This past weekend, the thirteenth leg of the Safaricom Golf Tour was at Vetlab Sports Club, and the golf outreach at nearby Vetlab Primary School. As we count down to the grand finale in Vipingo, it is a good time to look back at how the tour has been, and how inclusive golf can be. The Safaricom Golf Tour aims to demystify golf and demonstrate inclusivity and we have a few examples of this.
Children – Jeff Kibe
Jeff is a shining example that it is never too early in life to start playing golf and even excel in it. At just 7 years old and under the stewardship of his father, the boy is already a winning golfer, having bagged trophies in his home club Nanyuki, plus Limuru, Muthaiga, Machakos, Karen Golf Club and Eldoret. With this streak, it is clear that there are bigger things coming to the young boy whose favourite club is the driver. Jeff started playing golf at just 4 years of age. Here is his story.
On the extreme opposite of 7-year-old Jeff are two gentlemen of more advance age, one being Nelson Nyoike. Mr. Nyoike who is a member of Vetlab Golf Club capitalized on home ground advantages to emerge winner of this leg, and is excited to represent his home club at the grand finale in Vipingo. In his winner’s speech, he spoke of his absolute love for Safaricom as a company and also for the golf tour.
There’s an even older gentleman to note. At the seventh leg in Karen Country Club, 72 year old Don Riaroh took the day and will also be representing his club in Vipingo. Don who started playing golf in 1974 is a seasoned player and is no stranger to tournaments and wins.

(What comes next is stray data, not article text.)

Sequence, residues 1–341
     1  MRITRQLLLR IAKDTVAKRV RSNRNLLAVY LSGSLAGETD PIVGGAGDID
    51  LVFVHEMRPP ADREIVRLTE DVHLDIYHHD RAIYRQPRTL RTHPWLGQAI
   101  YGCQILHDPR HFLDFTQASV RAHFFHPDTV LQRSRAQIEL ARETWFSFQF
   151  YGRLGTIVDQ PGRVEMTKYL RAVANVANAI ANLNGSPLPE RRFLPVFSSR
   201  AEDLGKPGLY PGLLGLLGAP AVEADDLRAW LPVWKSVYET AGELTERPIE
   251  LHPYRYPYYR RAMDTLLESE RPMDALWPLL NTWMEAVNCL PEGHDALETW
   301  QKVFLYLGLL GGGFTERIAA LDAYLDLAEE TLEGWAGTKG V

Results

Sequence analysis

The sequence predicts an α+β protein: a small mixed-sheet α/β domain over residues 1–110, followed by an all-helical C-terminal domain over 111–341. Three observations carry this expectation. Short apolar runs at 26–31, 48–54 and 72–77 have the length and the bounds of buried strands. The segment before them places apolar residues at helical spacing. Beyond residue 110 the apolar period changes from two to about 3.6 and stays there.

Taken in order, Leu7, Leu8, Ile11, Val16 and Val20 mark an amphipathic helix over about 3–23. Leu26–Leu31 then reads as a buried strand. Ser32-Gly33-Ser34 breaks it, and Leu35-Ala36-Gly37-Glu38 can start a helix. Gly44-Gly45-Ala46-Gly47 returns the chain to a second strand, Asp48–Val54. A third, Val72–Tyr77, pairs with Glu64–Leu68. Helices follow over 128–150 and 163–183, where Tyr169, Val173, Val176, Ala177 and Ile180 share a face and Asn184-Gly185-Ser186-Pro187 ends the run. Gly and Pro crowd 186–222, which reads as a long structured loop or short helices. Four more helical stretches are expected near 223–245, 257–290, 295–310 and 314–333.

These two gentlemen demonstrate that there is never a right age to take a bow. Keep playing and keep winning.
The Nakuru leg gave us golfers from the deaf community, and this was a first in the tour. Among the players we spoke to is Jecinta Njeri, a sports and athletics enthusiast from Ngala School for the Deaf in Nakuru. She sees no reason why she cannot spread her wings and try out golf as an addition to her already thriving forays into other sports like athletics, dancing, sack race, volleyball, netball and tennikoit.
She is excited to discover golf and would never have thought about it had the golf tour not come knocking on her door.
For the longest time, golf had been considered a man’s sport. But that perception and practice is dying as more women take an interest in the game, with golf clubs having lady captains. In our work with the golf tour, we have spoken to several lady leaders in golf, the most recent being the Lady Captain and Assistant Lady Captain of Moi Airforce Golf Club. The two, Sophie Njuguna and Caroline Wanza respectively are on a mission to promote lady golfing in the country for both young and older ladies, as well as juniors. Here is the story.
Right from the beginning of the golf tour in Nanyuki, it has been clear that there is a lot of interest in the game even among people who have never played. A lot of these people felt that golf is a reserve of the rich and elderly, and therefore out of their league.
One of the main aims of the tour is to demystify golf and to drop the elitist tag that hangs around it and the results of this have continued to be seen in the number of kids who show up for the outreach activities that accompany the tournaments. Just this past Saturday, Vetlab attracted 175 juniors, with 40 of them attending the golf clinics at the same facility. This is strong communication that anyone can play golf.
The 14th leg which also marks the last tournament of the series ahead of the grand finale in Vipingo is scheduled for 30th July at Nairobi Royal Golf Club. As part of growing the sport among junior players in the country, Safaricom has partnered with the Junior Golf Foundation to tap and nurture young talent. The juniors can register with the Junior Golf Foundation (JGF) for Ksh1,000/- which grants them access to play at any golf club in the country